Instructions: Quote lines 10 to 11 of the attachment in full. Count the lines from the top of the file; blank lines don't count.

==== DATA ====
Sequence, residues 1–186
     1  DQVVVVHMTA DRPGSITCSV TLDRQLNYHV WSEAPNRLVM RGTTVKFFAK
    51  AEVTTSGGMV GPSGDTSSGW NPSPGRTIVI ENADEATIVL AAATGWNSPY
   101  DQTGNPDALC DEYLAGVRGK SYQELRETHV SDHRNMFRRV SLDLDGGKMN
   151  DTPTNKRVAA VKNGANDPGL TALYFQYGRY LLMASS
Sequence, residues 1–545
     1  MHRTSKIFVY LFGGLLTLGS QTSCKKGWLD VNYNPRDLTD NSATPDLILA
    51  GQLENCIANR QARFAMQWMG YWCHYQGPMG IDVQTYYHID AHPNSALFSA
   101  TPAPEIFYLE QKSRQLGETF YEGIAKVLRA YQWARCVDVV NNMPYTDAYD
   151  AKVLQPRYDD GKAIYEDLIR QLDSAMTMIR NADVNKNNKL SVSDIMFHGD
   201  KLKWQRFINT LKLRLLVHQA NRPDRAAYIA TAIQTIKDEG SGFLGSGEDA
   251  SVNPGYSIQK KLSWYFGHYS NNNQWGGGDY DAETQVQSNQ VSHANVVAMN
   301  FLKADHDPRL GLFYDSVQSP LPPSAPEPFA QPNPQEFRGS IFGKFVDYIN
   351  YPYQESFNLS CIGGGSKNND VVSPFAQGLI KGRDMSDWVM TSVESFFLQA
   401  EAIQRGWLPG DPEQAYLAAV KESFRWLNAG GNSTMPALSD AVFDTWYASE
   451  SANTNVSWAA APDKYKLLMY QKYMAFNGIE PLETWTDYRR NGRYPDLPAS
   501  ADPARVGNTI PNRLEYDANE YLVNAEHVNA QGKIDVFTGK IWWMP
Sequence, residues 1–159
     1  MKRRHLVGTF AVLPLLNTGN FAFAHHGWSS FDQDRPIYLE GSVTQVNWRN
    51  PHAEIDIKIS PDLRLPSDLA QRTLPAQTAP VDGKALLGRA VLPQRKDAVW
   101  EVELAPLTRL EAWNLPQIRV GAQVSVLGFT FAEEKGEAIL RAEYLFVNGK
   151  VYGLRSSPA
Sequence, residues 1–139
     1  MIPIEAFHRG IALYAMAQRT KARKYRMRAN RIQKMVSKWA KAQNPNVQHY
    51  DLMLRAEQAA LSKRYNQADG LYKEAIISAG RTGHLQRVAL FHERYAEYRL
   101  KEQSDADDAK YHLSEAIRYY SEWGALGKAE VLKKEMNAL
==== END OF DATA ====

   151  AKVLQPRYDD GKAIYEDLIR QLDSAMTMIR NADVNKNNKL SVSDIMFHGD
   201  KLKWQRFINT LKLRLLVHQA NRPDRAAYIA TAIQTIKDEG SGFLGSGEDA